12. Lundberg, S. & Pollak, R.A., 1991. "Separate Spheres Bargaining and the Marriage Market," Discussion Papers in Economics at the University of Washington 91-08, Department of Economics at the University of Washington.
  13. Apps, Patricia & Rees, Ray, 1999. "On the taxation of trade within and between households," Journal of Public Economics, Elsevier, vol. 73(2), pages 241-263, August.
  14. Vicky Barham & Rose Anne Devlin, 2004. "A Theory of Rational Marriage and Divorce," Working Papers 0405E, University of Ottawa, Department of Economics.
  15. Dan Anderberg, 2007. "Inefficient households and the mix of government spending," Public Choice, Springer, vol. 131(1), pages 127-140, April.
  16. Volker Meier & Matthias Wrede, 2013. "Reducing the excess burden of subsidizing the stork: joint taxation, individual taxation, and family tax splitting," Journal of Population Economics, Springer, vol. 26(3), pages 1195-1207, July.
  17. Imran Rasul, 2006. "The Economics of Child Custody," Economica, London School of Economics and Political Science, vol. 73(289), pages 1-25, 02.
  18. Piggott, John & Whalley, John, 1996. "The Tax Unit and Household Production," Journal of Political Economy, University of Chicago Press, vol. 104(2), pages 398-418, April.
  19. Konrad, Kai A & Lommerud, Kjell Erik, 1995. " Family Policy with Non-cooperative Families," Scandinavian Journal of Economics, Wiley Blackwell, vol. 97(4), pages 581-601, December.
  20. Peter Gottfried & Wolfram Richter, 1999. "The Tax Unit and Household Production: Comment," Journal of Political Economy, University of Chicago Press, vol. 107(2), pages 404-409, April.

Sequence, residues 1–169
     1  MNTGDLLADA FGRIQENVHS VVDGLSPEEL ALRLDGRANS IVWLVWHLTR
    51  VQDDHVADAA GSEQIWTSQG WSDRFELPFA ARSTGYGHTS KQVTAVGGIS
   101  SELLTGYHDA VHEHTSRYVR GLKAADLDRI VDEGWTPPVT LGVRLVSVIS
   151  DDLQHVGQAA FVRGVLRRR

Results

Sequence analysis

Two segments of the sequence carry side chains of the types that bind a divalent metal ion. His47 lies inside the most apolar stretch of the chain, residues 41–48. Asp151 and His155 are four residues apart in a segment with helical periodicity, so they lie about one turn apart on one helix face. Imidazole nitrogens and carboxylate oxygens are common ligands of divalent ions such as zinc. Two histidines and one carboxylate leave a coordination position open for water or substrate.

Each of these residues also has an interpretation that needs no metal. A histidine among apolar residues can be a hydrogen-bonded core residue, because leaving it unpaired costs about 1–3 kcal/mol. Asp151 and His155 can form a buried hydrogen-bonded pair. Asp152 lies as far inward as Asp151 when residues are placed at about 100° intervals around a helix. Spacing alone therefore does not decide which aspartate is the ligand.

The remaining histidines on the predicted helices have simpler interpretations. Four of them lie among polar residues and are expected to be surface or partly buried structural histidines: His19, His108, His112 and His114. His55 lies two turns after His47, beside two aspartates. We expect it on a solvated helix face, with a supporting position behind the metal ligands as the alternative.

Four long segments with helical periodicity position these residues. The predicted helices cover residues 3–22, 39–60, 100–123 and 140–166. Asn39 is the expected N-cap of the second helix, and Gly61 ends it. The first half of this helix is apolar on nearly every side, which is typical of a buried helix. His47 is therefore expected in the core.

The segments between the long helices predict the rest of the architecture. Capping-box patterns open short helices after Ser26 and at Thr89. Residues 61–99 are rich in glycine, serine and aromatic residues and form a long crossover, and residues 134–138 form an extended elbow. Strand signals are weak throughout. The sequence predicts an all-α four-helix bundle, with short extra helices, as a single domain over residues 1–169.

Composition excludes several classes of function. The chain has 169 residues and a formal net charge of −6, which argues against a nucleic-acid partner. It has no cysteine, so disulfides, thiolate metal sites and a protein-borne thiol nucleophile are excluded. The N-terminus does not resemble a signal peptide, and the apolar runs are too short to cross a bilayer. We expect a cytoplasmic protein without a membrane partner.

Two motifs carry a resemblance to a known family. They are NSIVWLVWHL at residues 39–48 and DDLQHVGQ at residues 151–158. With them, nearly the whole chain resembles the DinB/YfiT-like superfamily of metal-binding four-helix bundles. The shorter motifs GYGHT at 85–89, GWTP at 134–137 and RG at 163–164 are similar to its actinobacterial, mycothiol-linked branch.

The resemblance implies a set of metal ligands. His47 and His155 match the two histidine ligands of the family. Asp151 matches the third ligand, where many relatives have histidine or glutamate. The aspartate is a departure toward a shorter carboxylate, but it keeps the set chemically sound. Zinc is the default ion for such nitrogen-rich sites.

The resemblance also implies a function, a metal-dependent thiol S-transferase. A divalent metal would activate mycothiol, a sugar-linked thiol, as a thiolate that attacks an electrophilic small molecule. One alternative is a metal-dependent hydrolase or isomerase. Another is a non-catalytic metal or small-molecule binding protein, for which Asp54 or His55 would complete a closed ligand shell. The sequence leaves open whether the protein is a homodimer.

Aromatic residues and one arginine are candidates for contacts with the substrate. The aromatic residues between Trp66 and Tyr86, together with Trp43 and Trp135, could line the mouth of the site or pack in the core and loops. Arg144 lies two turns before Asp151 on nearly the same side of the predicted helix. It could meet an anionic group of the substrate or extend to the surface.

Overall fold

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Citations

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Cited by:
  1. Meier, Volker & Rainer, Helmut, 2013. "Beyond Ramsey: Gender-Based Taxation with Non-Cooperative Couples," Munich Reprints in Economics 19176, University of Munich, Department of Economics.
  2. Meier, Volker, 2013. "One-sided private provision of public goods with implicit Lindahl pricing," Munich Reprints in Economics 19181, University of Munich, Department of Economics.
  3. Paula GOBBI, 2013. "Childcare and Commitment within Households," Discussion Papers (IRES - Institut de Recherches Economiques et Sociales) 2013019, Université catholique de Louvain, Institut de Recherches Economiques et Sociales (IRES).
  4. Volker Meier & Matthias Wrede, 2013. "Reducing the excess burden of subsidizing the stork: joint taxation, individual taxation, and family tax splitting," Journal of Population Economics, Springer, vol. 26(3), pages 1195-1207, July.
  5. Yu-Fu Chen & Michael Funke, 2010. "Global Warming and Extreme Events: Rethinking the Timing and Intensity of Environmental Policy," CESifo Working Paper Series 3139, CESifo Group Munich.
  6. Hans Fehr & Manuel Kallweit & Fabian Kindermann, 2013. "Reforming Family Taxation in Germany: Labor Supply vs. Insurance Effects," SOEPpapers on Multidisciplinary Panel Data Research 613, DIW Berlin, The German Socio-Economic Panel (SOEP).
  7. Volker Meier & Helmut Rainer, 2014. "Pigou Meets Ramsey: Gender-Based Taxation with Non-Cooperative Couples," Ifo Working Paper Series Ifo Working Paper No. 179, Ifo Institute for Economic Research at the University of Munich.